If life were normal, I’d be deep in the planning stages of hosting one of my glorious Italian adventures. Every cell of my body vibrates with the anticipation of jetting off to my beloved Italy. It was with heavy hearts that my husband and I rescheduled our summer holidays on the sunny Amalfi Coast for next June in the hopes that, next year, we will be able to travel to this country we love; hug the people there that we love and soak up the sweet, sensuous energy that is Italy. But the health and safety of our guests is paramount to us, so we are postponing travel for summer groups. Our hearts are break at the thought of not being there.
I will go on record as saying that while I may not host a group right now, as soon as the borders of our country and Italy are open and it’s safe to travel, you’ll find Robert and me on the first flight to Rome.
In the meantime, I content myself with a couple of rather obsessive ways to bring a little bit of Italy into my home and life until I can be there once again. I have increased my espresso consumption, choosing a cup from a different region each day (my collection is…extensive, shall we say).
I have watched Rick Steves episodes about Italy at least a dozen times each.
I have watched “Under the Tuscan Sun,” sometimes with the sound turned off just to see my beloved Cortona.
I study Italian daily to keep my language skills sharp.
Robert and I have discovered (thanks to a dear friend) an Italian police series on Rai One television called “Inspector Montalbano” set in Sicily in the town where Robert’s family lives. Each night our ritual is to work out, shower, make dinner and settle on the sofa to watch Salvo Montalbano solve cases, eat Sicilian food and drink coffee, while we listen to the gorgeous language we love being spoken in an enchanting way. It has saved us. If the lead actor knew this, he’d smile at saving the sanity of two Italian-Americans in Philadelphia.
Of course, the biggest way I stay in touch with my beloved Italy is in my kitchen. Just as when I was a child, the heart of our home is the kitchen and in it, my husband and I find peace and serenity, especially in these challenging times. The best part about cooking from our combined Italian and Sicilian heritages is that we are both really adept in cooking and specifically, the peasant food of Italy. Polenta, pasta, pizza, bread, simple but elegant vegetable and grain dishes, bean stews and soups seem to be in our DNA so we can’t help but cook these humble but nourishing foods that are the core of our combined ancestry.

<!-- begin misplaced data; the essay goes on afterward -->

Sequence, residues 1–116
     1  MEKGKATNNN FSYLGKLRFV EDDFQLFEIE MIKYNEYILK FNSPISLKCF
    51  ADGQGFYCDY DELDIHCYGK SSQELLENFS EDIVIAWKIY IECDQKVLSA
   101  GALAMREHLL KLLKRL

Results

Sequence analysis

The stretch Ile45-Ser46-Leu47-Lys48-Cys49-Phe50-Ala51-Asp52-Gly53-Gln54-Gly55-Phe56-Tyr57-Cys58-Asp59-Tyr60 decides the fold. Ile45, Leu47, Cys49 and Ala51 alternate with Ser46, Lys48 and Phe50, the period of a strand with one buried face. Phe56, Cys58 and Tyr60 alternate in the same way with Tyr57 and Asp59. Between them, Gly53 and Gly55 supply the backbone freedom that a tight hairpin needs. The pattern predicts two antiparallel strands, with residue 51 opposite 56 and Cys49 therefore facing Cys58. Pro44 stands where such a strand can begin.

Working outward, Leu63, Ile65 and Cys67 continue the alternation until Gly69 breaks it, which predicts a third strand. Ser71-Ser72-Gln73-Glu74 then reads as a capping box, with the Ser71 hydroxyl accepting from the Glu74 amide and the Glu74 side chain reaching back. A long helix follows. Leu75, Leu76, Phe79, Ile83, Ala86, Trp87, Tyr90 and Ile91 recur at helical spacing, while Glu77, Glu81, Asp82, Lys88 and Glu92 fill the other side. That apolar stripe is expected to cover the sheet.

Robert and I live a vegan macrobiotic lifestyle so there’s daily miso soup, whole grains and a bit of sea vegetables here and there, but these Asian-style dishes blend beautifully with our Mediterranean cooking in their simplicity and umami. It’s a win-win.
I cook Italian vegan dishes most of the time, with pasta and beans at the forefront of my cooking. Richly flavored ciambotte (stews) redolent with seasonal vegetables and beans simmer in a flavorful broth that just begs to be wiped up with crusty bread. Fresh seasonal vegetables feed us like royalty when cooked with a bit of olive oil, garlic, lemon juice and sea salt. I cook like my mother and grandmother (I thought all kids came home from school to pots of pasta e fagioli and fresh baked bread) and now, more than ever, I am finding my comfort in their dishes, in their simple style of cooking and eating; in their commitment to fresh seasonal food; in their love of family and friends.
I long for the days when we are once again around a table with the ones we love the most, fresh food on the table, laughter in the air, and a glass of wine raised to our blessings and to life.
Spring has returned to Italy even in this time of continuing darkness. Next summer, if not sooner, you’ll find me there.Who knows? Maybe some of you will even join me.